Hermitage Club, Wilmington heading to Environmental Court
WILMINGTON >> After the Development Review Board's conditions regarding the Hermitage Club's hotel plans were challenged in a motion for reconsideration, the company is now appealing the board's findings of fact and statement of findings to Vermont's Environmental Court.
"Primarily, what they're appealing is the condition that we wanted them to build a garage to house the ladder truck," Zoning Administrator Craig Ohlson said Wednesday after receiving a hard copy of the appeal notice from Hermitage Club attorney Bob Fisher's office. "That's the portion they're most aggrieved about."
In its decision regarding the motion for reconsideration, the board said the ladder truck should be acquired and the construction of a garage should be completed before the hotel opens. The board worried about placing the cost of "the otherwise unnecessary fire truck" and the garage on the taxpayers. But the Hermitage Club argued that their previous agreement with the town, which says they will contribute $350,000 for the vehicle, contained a section exempting them from further donations to the town for 10 years. The price tag for a ladder truck is expected to be nearly $800,000.
The Hermitage Club said the intent of the agreement with the town was to address the impact of the company's development on the town's ability to respond. The DRB, not part of these negotiations, said its authority could not be limited or waived by an outside agreement.
"The Hermitage Club has moved forward in good faith to honor a 2005 agreement that the Town of Wilmington had reached with the former owners of Haystack Mountain," the company said in a statement. "The Hermitage signed the agreement with the Town of Wilmington back in March 2015 with the provision that the town would not approach the Club for more funding surrounding this project, including housing of fire apparatus. The Hermitage Club expects that the Town of Wilmington will honor its business agreement. The Hermitage has enjoyed a thoughtful and fair relationship with the town, and anticipates that this matter will conclude swiftly."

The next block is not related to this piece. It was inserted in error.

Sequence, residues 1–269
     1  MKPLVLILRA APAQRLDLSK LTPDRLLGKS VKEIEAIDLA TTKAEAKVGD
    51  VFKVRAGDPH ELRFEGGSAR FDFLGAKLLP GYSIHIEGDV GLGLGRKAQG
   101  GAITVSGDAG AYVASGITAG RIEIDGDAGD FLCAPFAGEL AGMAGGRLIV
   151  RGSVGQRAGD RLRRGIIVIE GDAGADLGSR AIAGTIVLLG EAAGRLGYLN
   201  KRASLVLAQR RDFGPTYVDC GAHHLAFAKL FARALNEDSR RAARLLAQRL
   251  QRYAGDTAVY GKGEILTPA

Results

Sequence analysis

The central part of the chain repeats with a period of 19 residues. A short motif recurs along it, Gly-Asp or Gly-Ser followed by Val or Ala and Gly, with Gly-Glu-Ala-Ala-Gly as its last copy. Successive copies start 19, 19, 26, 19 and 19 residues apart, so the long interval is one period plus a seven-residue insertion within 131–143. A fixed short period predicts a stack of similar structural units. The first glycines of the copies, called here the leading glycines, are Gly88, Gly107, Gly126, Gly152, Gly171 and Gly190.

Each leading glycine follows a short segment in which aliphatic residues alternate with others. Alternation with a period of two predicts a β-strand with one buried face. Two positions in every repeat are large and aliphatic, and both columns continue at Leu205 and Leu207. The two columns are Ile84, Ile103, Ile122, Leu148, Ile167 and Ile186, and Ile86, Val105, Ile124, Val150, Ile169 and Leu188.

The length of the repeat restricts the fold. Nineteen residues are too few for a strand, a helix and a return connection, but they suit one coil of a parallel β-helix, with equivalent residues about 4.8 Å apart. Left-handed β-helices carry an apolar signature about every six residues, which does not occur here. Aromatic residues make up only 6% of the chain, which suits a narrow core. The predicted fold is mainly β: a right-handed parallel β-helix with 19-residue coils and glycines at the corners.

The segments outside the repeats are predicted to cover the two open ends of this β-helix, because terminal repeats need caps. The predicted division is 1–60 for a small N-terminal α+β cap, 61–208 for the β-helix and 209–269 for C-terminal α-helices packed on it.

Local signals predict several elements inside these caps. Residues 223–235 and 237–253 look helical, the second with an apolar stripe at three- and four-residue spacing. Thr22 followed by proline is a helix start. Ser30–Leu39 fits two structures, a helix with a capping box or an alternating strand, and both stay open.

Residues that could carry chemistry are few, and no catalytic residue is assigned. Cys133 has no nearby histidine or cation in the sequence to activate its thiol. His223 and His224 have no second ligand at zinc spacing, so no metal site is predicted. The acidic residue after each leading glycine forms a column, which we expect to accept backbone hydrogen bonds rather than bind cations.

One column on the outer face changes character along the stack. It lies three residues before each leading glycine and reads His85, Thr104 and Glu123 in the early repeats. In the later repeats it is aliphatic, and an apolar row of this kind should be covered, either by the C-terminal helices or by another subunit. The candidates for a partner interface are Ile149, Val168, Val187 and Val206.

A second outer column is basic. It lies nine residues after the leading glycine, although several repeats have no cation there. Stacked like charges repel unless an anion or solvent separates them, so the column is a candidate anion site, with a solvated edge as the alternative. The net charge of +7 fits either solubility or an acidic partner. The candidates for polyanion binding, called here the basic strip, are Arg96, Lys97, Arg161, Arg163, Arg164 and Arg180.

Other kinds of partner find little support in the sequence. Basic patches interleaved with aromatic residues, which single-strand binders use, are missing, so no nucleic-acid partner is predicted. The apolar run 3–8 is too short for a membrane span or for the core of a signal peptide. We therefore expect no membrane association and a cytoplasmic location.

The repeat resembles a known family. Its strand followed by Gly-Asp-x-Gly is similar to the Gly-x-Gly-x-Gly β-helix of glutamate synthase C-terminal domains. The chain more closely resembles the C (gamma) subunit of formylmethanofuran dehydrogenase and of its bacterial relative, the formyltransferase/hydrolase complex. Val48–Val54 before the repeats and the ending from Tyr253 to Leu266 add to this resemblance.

Approval of the 93-unit condominium hotel contained several conditions, two of which were rescinded by the board while reviewing the motion for reconsideration. The condition regarding the garage was a waiver meant to make up for the project exceeding the town's 35-foot height limit. The hotel application called for construction of a 79-foot building.
The Selectboard, an interested party in the appeal, was expected to discuss the matter Wednesday night with town attorney Lance Shader and Ohlson in an executive session. Ohlson said the DRB does not have interested party status.
While the timeline was not yet established, Ohlson said he assumes a conference will be scheduled soon.
"We don't know when that is at this point," he said. "But if it goes through the full process, it will take awhile. It could take upwards of a year if it goes through the full process."
The Hermitage Club was involved in the last time a DRB decision in Wilmington went to Environmental Court. An abutter to the Hermitage Club's airport had issues with the company's request to extend the runway strip. Ohlson said the appeal was eventually dropped because the abutter received other parcels of land from the Hermitage Club.
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